Print 45 comment(s) - last by Cheesew1z69.. on Nov 12 at 8:07 AM

Meanwhile Samsung aims to toss the case on grounds of juror misconduct

Apple, Inc.'s (AAPL) legal efforts against Android haven’t stopped its sales momentum.  Google Inc.'s (GOOG) operating system today is out-selling Apple 5-to-1 in unit sales [source].  

Meanwhile, Apple's efforts to ban Android devices has run into a few roadblocks; for example Apple's litigation against Google subsidiary Motorola Mobility has been dismissed with prejudice not once, not twicebut three times from different federal courts.

I. Apple Wants to Greatly Expand its Bans

But as they say, you only need to be in the right place at the right time, and that's precisely what happened when Apple sued Samsung Electronics Comp., Ltd. (KSC:005930) in U.S. District Court for the Northern District of California.  Initially, Judge Lucy Koh moved to dismiss the case, but in a somewhat unusual outcome a three-judge panel at the U.S. Court of Appeals for the Federal Circuit ordered [PDF] Judge Koh to reconsider tossing the case.  Judge Koh subsequently allowed Apple to take Samsung to trial, and in a stunning outcome the jury -- some of whose family members were Apple shareholders -- found Samsung guilty of $1.05B USD in damages.

In the wake of that lone victory, Apple is looking to triple the damages to $3B USD and to ban more Google products.  Hoping that lightning will strike twice, Apple filed in court this week request Judge Koh to tack on Google's latest Jelly Bean operating system, and Samsung's Galaxy Note 10.1.

Galaxy Note 10.1
While Apple's products don't have a stylus, the company still claims that the Samsung stylus-endowed designs infringe on its patents.

The Galaxy Note 10.1 is a particularly thorny pain in Apple's side.  It features a friendly pen-input technology that Apple's iPad lacks.  Samsung has gained quite a bit of ground on Apple in the tablet industry; Apple is eager to stomp out that potential rival before things get to far.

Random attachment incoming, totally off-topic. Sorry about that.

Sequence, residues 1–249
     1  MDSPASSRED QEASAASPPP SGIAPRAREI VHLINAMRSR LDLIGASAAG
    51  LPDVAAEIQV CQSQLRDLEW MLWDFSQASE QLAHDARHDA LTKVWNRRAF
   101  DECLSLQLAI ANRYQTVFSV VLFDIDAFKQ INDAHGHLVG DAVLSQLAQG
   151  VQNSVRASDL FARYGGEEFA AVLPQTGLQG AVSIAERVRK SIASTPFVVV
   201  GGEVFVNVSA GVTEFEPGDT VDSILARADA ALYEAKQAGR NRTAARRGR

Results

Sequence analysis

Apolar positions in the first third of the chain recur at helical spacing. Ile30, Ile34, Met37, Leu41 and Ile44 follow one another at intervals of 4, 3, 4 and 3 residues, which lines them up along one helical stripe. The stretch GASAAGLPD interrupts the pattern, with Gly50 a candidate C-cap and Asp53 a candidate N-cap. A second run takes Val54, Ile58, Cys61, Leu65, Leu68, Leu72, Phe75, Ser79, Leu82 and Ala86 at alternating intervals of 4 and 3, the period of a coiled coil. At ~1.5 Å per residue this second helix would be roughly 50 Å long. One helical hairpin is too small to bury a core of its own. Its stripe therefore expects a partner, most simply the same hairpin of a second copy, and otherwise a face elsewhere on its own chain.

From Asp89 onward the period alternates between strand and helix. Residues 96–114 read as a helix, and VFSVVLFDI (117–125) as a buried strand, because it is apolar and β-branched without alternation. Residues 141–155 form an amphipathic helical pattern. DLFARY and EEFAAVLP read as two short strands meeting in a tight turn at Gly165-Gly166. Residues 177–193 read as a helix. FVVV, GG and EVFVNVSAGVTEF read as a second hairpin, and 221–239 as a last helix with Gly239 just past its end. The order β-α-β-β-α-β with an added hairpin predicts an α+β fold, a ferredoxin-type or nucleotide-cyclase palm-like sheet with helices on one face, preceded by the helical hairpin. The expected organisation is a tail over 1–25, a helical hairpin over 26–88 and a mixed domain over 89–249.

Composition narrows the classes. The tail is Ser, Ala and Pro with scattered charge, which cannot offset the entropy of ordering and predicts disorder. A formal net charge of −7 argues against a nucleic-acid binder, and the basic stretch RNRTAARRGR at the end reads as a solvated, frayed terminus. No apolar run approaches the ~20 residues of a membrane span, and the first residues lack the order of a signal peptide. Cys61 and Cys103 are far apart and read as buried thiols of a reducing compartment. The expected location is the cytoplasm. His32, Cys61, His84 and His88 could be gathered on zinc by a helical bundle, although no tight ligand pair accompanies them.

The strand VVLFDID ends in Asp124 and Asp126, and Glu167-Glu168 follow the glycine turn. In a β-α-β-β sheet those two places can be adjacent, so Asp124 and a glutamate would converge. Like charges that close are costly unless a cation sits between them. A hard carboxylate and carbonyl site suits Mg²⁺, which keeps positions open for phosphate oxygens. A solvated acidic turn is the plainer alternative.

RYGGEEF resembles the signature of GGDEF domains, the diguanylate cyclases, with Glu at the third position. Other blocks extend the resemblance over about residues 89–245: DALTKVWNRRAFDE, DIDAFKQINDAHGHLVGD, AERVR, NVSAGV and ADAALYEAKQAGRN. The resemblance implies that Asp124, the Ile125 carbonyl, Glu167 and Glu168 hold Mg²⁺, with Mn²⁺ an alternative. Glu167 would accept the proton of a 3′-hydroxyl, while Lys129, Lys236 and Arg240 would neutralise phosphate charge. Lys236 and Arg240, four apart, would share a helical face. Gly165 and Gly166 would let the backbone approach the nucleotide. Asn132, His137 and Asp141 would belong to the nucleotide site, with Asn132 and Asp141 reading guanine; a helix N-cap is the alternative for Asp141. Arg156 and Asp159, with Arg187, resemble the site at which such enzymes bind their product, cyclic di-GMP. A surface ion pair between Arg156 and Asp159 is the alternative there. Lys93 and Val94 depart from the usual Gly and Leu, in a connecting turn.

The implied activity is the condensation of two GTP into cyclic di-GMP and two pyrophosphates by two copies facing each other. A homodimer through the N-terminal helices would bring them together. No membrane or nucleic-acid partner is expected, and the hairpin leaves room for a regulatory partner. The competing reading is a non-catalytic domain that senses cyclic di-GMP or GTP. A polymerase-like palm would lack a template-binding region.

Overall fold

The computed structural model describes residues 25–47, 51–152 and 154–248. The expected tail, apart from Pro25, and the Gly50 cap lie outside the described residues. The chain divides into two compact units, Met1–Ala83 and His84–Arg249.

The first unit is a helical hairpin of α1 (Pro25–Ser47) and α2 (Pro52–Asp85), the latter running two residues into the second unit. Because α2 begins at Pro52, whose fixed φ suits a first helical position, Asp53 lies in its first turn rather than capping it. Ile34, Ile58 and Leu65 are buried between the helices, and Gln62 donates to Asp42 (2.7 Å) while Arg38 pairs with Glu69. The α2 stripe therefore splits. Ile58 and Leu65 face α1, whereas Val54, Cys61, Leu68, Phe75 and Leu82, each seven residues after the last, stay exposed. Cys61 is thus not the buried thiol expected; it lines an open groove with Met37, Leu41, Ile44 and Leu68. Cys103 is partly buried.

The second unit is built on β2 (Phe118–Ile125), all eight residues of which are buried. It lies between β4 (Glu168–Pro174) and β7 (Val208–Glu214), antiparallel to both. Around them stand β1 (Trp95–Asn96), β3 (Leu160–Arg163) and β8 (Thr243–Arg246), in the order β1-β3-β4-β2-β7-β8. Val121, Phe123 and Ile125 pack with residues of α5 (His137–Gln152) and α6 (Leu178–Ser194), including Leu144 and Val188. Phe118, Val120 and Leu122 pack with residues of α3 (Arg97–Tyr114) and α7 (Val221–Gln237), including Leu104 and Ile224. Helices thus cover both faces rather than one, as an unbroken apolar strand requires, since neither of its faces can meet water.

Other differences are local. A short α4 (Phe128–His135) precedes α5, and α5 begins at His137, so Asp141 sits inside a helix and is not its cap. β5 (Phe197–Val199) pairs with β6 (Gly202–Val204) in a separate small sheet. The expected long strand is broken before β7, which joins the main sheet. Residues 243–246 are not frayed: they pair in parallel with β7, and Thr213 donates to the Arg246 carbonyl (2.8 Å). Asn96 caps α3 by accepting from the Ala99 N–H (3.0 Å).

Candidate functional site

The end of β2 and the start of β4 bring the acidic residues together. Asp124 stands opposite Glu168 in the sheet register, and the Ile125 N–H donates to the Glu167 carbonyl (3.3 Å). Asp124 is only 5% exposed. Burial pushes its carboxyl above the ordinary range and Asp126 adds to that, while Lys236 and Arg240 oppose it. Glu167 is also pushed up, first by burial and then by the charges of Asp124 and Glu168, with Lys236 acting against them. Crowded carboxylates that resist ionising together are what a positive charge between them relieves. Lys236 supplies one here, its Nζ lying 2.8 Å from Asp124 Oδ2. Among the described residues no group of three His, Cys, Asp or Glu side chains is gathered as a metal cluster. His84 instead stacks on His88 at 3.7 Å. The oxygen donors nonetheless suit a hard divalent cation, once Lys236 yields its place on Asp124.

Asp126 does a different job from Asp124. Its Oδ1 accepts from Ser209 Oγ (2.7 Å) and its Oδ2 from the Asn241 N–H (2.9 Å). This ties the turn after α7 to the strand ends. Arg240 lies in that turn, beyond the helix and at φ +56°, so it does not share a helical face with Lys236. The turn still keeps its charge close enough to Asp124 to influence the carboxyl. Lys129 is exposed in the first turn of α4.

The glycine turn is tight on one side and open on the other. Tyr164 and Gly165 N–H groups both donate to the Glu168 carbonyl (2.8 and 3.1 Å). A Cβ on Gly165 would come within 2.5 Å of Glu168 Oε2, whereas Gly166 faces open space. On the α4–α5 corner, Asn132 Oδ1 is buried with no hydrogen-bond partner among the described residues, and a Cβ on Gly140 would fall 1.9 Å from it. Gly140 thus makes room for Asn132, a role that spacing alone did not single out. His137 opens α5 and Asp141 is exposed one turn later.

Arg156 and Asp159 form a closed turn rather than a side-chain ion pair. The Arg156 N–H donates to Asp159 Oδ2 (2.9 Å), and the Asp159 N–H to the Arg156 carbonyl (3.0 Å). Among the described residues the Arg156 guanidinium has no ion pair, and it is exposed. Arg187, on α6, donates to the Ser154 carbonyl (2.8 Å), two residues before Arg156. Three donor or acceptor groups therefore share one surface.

And by asking to ban Jelly Bean devices, Apple can hope to not only kill shipments of older Samsung smartphones to the U.S., but also to kill Samsung's full lineup of phones.

II. Judge Koh Strikes Down One Key Ban

It's unclear, though, whether Judge Koh will humor Apple.

Judge Koh, despite allowing the record jury verdict, recently struck down the ban on the Galaxy Tab 10.1 (the precursor to the Note 10.1), as the jury found it did not infringe on U.S. Design Patent D504,889, a design patent which depicted a bulkier button-less early iteration of the iPad, nicknamed by some the "fat iPad".

While Judge Koh did acknowledge that the Tab 10.1 was found to infringe on Apple user interface patents, she argued that was insufficient to ban the handsets.  

That's bad news for Apple, as while the jury found Samsung's product line to be almost entirely in infringement of Apple's UI patents, they only found some handsets to be close enough to Apple's smartphone patents to be ruled in infringement.  In other words if Judge Koh applies the same standard to smartphones, only a couple of older Samsung handsets, like the first-generation Galaxy S, might be banned.

Apple wants to add 17 more products to its lawsuit. [Image Source: Jason Mick/DailyTech]

Apple is making its plea to expand the case before Judge Paul S. Grewal, who will decide whether to send the new products for consideration by Judge Koh and the jury.  Samsung is understandably upset about the additions, which it argues will add 17 stylus-based products to the existing case.  (While Apple's products do not use a stylus, it argues its patents cover the absent feature as well.)

It argues it only wants to add a single product, albeit a big one -- the iPhone 5.  Victoria Maroulis, an attorney for Samsung, writes in a counter-brief to Apple's request, "By adding the stylus, Apple is going to enlarge the case significantly."

III. Jury Foreman Had Undisclosed Legal Bone to Pick With Samsung, Samsung Files for Retrial